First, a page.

Those two groups represented Gnosticism outside of Christianity, but it took on a different form within Christianity. One group of “Christian” Gnostics was called the Docetists. Because of their belief that the body itself was evil, the Docetists taught that Jesus wasn’t really a human--he only seemed to be human. This was a big deal for the early Christians because, first of all, they believed that A. Only God could save, and B. Only that which God became could be saved. Therefore, if Christ wasn’t human, humans weren’t saved by his work. Second, it was important that Jesus was human because they believed that Christ’s redemption extended to all of creation. Indeed, they believed that Christ was the creator of creation. Paul writes “…by him all things were created: things in heaven and on earth, visible and invisible…” This flew in the face of the Gnostics who believed that creation was evil or peripheral.
That’s why early Christians emphasized: if Christ is the Savior of the world, He is not only the one who saves our souls; He is also the one who saves our bodies. The creation, far from being evil itself, has simply been “subjected to frustration” by Satan and sin. So, Paul taught the early Christians that creation (which had been marred and wounded by Satan and sin) experiences healing by God’s participation in creation in the real person of Jesus.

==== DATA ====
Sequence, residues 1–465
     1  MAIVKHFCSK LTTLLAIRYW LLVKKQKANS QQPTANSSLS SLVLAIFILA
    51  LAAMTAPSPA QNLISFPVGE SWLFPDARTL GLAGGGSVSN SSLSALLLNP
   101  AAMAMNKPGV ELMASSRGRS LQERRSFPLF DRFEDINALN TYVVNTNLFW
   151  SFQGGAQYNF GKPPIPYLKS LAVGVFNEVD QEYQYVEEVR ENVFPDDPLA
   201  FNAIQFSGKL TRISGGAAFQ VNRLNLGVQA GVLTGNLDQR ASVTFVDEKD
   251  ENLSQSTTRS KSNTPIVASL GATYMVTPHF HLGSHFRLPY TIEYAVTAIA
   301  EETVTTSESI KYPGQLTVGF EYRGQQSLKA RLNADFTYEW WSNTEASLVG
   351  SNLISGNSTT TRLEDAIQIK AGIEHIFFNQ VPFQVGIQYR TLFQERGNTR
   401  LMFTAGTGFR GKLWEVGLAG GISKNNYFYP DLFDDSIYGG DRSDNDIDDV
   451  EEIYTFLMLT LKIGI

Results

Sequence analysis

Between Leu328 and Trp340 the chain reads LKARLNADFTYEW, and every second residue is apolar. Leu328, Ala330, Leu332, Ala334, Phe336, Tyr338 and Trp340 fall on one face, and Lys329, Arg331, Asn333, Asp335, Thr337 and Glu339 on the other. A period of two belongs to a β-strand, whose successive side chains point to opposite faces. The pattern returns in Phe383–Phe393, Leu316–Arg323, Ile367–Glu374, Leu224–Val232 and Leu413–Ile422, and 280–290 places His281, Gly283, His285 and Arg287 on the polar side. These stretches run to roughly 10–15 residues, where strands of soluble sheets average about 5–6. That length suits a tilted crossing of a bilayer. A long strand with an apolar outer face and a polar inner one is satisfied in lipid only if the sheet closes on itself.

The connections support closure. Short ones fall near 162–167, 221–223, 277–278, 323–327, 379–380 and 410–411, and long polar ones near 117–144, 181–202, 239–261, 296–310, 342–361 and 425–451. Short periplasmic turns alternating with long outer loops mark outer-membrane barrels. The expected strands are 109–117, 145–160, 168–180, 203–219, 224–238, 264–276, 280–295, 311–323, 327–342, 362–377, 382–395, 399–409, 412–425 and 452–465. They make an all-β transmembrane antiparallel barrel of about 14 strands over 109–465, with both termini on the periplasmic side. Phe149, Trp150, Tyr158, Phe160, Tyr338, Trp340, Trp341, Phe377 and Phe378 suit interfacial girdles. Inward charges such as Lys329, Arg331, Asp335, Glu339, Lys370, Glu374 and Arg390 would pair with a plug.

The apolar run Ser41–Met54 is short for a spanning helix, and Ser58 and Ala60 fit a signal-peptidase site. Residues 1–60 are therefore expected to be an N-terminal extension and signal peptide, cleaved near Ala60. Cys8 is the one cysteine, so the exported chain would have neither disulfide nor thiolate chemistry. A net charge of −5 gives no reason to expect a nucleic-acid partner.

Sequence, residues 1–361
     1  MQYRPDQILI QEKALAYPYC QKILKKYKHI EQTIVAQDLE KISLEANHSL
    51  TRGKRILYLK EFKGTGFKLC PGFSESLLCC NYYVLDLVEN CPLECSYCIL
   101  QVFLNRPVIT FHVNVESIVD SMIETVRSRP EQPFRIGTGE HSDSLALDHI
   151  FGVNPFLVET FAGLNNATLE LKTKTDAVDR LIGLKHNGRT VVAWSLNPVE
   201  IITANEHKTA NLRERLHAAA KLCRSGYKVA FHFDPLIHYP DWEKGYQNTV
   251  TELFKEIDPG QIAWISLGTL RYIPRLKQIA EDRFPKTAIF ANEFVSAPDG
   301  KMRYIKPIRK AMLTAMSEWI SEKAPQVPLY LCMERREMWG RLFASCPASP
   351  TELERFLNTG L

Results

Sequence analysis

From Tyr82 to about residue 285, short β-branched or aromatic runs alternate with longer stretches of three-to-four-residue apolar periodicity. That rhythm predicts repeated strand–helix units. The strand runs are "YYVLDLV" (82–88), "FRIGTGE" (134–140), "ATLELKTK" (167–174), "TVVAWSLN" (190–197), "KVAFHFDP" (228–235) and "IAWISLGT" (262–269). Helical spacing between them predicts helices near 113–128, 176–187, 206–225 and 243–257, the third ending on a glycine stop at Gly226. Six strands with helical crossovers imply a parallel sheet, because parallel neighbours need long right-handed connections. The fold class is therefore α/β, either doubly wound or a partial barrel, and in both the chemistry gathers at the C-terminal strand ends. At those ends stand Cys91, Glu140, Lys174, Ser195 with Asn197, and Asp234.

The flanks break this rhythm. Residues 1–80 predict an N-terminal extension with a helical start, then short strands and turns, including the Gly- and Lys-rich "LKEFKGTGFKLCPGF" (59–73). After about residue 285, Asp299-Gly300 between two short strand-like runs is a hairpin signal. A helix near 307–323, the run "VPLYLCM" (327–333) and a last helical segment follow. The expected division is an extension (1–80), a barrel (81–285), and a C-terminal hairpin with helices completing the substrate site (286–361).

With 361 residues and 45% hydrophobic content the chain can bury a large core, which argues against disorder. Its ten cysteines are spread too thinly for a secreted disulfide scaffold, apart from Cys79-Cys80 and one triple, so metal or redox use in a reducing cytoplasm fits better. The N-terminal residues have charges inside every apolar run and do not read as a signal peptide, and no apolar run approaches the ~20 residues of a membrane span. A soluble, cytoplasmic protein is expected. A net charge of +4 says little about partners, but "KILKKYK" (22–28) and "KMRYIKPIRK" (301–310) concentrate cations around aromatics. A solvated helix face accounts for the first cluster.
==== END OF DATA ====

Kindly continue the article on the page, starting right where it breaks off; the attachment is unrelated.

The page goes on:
This is where communion comes in: Our participation in the saving life of Jesus Christ is not just something we experience in our soul, but something we physically partake of in the communion elements. That’s why Paul tells us that we appear before God “without blemish”. We were once sick, blemished; now we are healed, whole and holy.
So, when leaders in the ancient church thought about communion they thought of it as medicine. One leader (Gregory of Nyssa) wrote: “Man has a two-fold nature, composed of both body and soul. Both must therefore play their part in joining those who would be saved to him who leads them to life. The soul is united with him by faith…But the way in which the body comes to participate in its saviour and to be united with him is different. Those who have been deceived into taking a poison use another drug to counter its harmful effects. Moreover the antidote, just like the poison, must enter a man’s system, so that its healing effect may be thereby spread throughout his whole body. Such was our case. We had eaten something that was disintegrating our nature…” [Here he is referring to the “forbidden fruit”!] “It follows, therefore, that we were in need of something to restore what had been disintegrated; we needed an antidote which would enter into us and so by its counteraction undo the harm already introduced into the body by the poison. And what is this remedy? It is the body which proved mightier than death and became the source of our life.”
So, imagine yourself sitting in an emergency room. There, you are joined by many other people. And every single one has a sickness that must be cured or death will be the result. As you talk with everyone there, you discover that the root illness is the same. That is to say, everyone has been infected with the same disease: sin and rebellion against God. And you realize that everyone, everyone has this sickness, whether they are in the emergency room with you or not. And you realize that this sickness has even, in many ways, affected our bodies, literally. And the communion elements, signifying the physical body and blood of the Lord Jesus, are the antidote. Jesus’ forgiveness is the remedy. He is the healer, body and soul. In taking Him inside (in believing) you partake of health, life, and wholeness because His “is the body which proved mightier than death and became the source of our life.”